The meaning model suggests that physicians will obtain the best therapeutic results if they listen carefully to patients’ accounts of their illness, offer explanations that fit with patients’ world-views, express care and concern, and help patients feel more in control of their symptoms (or of their lives, despite the persistence of their symptoms). This will happen more often if the clinician spends sufficient time with the patient, so it is not surprising that good health outcomes correlate with the length of the primary care visit.30,31 Family physicians must act as advocates for their patients with today’s financial managers by bringing these data forcefully to the managers’ attention.
Of the different elements of meaning, perhaps the most challenging to achieve when treating chronically ill, somatizing, or depressed patients is the heightened sense of mastery and control. Malterud32 has summarized an encounter plan to deal with one difficult population, women presenting with pelvic complaints without detectable organic cause, suggesting 4 basic questions:
What do you most of all want me to do for you today?
What do you yourself think is the reason for your problem?
What do you think I should do about your problem?
What have you found so far to be the best way to manage your problem?
Malterud points out that previous physicians, by approaching these patients in “rule out organic causes” fashion, have firmly cemented the idea of victimhood in the minds of these women. Malterud’s strategy is designed to make each encounter an exercise in seeing oneself as potentially worth listening to, potentially wise about one’s bodily needs and their management, and thus potentially powerful. Physicians can achieve progress with some of the most difficult patients when they curb the urge to supply a diagnosis and therapeutic plan before the patient has a chance to speak.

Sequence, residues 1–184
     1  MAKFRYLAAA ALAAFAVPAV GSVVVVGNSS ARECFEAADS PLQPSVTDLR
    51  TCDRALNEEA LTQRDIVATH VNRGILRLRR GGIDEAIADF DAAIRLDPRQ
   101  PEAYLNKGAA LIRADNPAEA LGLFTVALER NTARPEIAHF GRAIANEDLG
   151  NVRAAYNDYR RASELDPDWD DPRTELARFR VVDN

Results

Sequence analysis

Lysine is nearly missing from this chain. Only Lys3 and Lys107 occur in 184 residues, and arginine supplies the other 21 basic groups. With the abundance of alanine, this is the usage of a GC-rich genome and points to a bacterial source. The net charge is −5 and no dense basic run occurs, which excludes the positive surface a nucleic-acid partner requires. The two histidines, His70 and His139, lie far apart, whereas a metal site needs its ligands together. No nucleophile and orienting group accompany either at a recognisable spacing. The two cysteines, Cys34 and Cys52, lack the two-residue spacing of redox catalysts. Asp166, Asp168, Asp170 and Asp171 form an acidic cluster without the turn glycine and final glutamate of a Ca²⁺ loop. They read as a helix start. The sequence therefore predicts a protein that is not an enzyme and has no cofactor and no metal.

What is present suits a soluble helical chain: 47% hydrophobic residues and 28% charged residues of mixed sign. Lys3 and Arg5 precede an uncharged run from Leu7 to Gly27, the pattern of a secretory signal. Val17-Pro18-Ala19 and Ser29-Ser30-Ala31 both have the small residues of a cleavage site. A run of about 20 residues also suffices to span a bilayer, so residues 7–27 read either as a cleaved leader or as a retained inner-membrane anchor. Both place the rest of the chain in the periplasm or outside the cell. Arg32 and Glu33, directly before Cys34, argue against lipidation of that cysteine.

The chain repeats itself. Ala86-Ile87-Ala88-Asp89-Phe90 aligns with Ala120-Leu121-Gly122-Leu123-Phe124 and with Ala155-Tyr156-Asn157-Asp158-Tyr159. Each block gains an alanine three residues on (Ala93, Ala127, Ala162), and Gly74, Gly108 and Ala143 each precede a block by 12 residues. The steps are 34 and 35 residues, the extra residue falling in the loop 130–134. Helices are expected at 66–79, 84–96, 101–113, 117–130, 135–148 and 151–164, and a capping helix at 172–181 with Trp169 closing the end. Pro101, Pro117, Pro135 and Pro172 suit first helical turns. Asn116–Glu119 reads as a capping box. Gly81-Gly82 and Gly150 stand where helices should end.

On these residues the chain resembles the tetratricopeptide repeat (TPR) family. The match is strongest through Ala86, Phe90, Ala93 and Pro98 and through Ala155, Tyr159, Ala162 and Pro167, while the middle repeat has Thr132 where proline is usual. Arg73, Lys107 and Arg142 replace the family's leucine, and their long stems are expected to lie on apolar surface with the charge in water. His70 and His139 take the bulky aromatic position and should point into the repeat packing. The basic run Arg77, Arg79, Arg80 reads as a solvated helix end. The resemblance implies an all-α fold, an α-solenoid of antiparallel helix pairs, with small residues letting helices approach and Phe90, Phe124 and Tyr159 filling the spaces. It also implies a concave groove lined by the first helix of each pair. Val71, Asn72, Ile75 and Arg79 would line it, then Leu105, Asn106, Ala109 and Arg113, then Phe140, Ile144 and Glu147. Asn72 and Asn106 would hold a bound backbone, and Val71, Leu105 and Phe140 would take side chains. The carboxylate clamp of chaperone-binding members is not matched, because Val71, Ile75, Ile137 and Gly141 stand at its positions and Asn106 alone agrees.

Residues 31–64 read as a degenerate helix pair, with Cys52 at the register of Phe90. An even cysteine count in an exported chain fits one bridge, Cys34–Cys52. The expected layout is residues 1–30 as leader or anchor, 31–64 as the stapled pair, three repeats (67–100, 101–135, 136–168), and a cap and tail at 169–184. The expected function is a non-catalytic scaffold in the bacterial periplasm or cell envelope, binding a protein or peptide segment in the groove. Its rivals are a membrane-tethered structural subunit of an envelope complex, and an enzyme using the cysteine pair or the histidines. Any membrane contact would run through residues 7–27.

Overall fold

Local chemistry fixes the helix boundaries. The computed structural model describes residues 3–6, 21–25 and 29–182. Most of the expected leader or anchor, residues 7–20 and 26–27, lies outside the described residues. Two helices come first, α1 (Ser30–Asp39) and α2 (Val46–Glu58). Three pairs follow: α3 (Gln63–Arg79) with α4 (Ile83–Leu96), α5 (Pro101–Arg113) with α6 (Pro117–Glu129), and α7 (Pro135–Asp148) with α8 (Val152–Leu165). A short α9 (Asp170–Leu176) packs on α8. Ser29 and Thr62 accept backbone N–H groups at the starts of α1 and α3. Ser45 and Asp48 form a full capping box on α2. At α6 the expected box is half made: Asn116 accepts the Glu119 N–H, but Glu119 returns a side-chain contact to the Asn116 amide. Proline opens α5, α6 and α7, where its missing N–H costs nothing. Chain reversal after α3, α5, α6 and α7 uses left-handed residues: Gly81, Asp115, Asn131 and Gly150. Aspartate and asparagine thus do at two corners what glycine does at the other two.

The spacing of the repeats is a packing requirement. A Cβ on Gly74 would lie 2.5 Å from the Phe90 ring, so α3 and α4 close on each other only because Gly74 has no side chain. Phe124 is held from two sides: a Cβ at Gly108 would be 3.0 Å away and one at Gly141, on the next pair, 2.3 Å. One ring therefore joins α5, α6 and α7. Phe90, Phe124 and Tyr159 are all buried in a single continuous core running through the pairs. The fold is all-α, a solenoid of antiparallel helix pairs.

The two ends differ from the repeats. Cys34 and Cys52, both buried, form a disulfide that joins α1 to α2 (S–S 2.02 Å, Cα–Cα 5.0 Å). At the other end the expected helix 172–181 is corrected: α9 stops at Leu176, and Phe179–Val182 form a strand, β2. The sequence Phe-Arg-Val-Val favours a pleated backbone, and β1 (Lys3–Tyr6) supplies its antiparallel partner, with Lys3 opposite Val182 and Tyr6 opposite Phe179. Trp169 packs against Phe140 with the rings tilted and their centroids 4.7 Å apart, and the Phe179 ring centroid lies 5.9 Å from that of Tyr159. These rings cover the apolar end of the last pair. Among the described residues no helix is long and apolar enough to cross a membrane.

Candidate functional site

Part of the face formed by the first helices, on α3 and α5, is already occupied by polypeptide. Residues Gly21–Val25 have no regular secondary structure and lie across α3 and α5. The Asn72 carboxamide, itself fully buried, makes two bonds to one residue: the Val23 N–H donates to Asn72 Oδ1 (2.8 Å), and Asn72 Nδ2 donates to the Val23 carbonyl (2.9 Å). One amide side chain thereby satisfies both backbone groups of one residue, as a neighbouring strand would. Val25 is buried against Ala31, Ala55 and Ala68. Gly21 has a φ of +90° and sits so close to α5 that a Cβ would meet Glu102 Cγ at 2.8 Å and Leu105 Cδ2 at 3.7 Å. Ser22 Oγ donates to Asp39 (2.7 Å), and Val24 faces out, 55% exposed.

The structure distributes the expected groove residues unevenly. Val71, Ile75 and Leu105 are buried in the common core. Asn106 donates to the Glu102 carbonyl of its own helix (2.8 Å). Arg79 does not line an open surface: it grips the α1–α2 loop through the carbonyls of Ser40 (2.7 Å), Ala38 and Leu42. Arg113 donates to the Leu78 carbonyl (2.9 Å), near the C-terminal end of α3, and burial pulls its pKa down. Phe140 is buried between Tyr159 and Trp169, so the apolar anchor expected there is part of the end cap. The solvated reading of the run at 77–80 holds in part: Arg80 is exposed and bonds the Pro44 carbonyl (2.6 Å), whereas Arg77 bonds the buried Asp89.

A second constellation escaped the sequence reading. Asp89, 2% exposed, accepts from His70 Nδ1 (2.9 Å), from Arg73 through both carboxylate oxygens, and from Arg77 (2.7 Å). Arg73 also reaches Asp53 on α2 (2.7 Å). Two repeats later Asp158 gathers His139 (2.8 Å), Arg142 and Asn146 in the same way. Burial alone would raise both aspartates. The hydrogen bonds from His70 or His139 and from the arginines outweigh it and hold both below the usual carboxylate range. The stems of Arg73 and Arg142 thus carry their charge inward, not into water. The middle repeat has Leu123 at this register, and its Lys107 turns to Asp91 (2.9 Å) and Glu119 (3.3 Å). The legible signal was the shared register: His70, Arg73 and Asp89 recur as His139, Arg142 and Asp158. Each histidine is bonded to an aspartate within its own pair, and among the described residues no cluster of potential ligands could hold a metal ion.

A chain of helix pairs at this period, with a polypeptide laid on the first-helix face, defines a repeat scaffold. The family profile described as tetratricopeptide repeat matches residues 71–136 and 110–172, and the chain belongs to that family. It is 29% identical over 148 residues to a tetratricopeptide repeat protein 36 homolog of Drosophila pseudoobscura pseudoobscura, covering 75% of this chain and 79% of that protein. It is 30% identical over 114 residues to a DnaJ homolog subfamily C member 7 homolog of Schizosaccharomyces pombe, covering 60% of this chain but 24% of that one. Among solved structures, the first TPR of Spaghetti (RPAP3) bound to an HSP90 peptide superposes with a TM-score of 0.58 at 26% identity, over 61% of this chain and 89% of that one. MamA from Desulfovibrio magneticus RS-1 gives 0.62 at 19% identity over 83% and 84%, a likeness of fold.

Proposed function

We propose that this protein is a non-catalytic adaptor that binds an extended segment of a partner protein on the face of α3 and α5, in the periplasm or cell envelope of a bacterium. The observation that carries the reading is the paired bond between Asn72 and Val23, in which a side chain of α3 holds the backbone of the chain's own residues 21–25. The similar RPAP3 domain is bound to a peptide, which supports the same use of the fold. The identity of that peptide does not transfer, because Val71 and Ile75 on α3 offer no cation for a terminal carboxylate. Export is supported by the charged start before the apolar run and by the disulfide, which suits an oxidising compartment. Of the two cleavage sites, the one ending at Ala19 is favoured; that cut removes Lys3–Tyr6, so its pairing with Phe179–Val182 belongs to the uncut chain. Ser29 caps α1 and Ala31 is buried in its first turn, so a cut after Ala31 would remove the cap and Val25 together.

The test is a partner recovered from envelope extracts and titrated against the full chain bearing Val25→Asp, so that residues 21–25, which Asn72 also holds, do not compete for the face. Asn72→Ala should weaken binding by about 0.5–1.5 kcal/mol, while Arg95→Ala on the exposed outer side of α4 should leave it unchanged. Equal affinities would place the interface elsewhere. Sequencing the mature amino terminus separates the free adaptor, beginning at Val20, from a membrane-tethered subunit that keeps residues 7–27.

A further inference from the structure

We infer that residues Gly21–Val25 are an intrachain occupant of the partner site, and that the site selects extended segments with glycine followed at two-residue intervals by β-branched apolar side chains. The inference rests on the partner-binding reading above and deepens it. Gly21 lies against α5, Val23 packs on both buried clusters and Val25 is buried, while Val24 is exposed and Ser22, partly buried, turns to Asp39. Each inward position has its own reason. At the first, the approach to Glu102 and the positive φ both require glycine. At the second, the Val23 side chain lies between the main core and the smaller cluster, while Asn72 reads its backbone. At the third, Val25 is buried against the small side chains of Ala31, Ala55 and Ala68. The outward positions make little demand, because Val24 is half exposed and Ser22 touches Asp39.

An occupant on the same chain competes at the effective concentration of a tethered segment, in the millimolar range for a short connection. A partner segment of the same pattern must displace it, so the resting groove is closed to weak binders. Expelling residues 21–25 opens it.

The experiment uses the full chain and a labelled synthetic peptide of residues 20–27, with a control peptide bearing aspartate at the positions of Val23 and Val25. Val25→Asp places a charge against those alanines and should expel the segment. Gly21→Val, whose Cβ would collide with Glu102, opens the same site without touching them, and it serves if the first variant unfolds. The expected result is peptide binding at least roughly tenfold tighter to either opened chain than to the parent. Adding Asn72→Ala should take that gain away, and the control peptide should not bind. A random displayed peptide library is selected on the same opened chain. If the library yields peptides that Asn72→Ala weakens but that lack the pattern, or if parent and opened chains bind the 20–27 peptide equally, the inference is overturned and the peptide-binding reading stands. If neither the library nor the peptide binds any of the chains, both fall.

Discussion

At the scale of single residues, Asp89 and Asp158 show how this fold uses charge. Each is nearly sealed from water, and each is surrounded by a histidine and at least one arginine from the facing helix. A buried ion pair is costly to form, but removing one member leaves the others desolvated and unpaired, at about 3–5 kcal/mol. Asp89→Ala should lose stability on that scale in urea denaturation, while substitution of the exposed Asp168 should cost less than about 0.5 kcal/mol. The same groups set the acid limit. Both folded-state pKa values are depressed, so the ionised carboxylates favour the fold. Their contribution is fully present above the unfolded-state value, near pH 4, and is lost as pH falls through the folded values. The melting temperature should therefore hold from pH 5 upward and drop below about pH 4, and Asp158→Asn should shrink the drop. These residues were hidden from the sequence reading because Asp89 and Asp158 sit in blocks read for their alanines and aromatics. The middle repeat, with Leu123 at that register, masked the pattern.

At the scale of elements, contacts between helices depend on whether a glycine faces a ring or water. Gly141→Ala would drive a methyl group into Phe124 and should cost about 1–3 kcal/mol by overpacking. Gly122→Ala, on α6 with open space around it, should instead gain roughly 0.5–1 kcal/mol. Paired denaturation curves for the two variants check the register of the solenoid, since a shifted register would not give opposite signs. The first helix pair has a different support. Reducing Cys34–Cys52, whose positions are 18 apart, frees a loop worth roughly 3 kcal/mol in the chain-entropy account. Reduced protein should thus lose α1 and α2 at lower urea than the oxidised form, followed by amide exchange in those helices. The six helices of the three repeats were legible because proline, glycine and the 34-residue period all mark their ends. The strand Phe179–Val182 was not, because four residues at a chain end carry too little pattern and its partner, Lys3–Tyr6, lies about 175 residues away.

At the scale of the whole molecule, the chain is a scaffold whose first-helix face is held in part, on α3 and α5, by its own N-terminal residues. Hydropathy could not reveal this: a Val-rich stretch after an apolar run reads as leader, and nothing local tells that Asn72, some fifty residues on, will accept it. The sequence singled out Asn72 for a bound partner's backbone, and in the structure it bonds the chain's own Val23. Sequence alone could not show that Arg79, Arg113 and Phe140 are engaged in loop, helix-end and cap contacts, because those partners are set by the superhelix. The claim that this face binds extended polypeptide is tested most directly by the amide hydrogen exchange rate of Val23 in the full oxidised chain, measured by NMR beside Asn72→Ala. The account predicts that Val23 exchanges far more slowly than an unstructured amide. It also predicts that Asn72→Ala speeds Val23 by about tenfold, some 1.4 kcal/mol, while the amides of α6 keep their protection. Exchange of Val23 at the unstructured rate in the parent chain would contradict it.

A more formal strategy has been suggested for family counseling that seems readily applicable to daily practice.33 This entails asking at each visit, “How much is [the symptom or problem] in control of your life, and how much are you in control?” Patients can readily assign a percentage score to this variable. It is not unusual for a suffering patient to state at the first visit in which this question is asked that the problem controls 80% of his life and he feels in control of only 20%. In keeping with the mastery goal, it is critical to allow the patient, if at all possible, to choose the name of his problem. (One of my patients elected to name her complex entanglement of psychosocial stressors her “box of rocks.”) The follow-up instruction is, “Between now and the next visit, see if you can discover things that you can do, on at least some days, to make you feel more in control.” It is again desirable, unless forced, to stifle the advice-giving urge, as that can subtly undermine the patient’s sense of potential mastery.
During the next visit, the patient may report that he has discovered something that works and that he feels 25% in control of his life and the problem controls only 75%. After praising the patient for this accomplishment, your follow-up question might be, “Do you think it would be possible to try that technique even more often in the future?” or “Do you think, now that you have done such a good job of finding one thing that works, that you might think of another?” Patients may want to keep a formal written diary of their progress. By using this approach, the patient may eventually be able to report that his sense of control has risen to more than 50%. Usually that will produce a substantially improved quality of life.34,35